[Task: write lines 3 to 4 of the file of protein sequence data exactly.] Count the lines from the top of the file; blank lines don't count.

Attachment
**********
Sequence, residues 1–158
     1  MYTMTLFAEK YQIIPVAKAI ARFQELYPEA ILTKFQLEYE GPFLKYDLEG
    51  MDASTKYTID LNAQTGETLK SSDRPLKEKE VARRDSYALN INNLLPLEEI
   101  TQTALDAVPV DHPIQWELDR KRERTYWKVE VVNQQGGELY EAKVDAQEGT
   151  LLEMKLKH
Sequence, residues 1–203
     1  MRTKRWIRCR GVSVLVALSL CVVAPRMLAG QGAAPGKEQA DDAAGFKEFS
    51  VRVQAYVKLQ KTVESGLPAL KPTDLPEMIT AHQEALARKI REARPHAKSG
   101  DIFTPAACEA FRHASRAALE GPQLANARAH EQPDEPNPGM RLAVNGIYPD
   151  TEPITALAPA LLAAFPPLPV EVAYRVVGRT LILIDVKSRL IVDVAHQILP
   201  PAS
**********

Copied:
    51  MDASTKYTID LNAQTGETLK SSDRPLKEKE VARRDSYALN INNLLPLEEI
   101  TQTALDAVPV DHPIQWELDR KRERTYWKVE VVNQQGGELY EAKVDAQEGT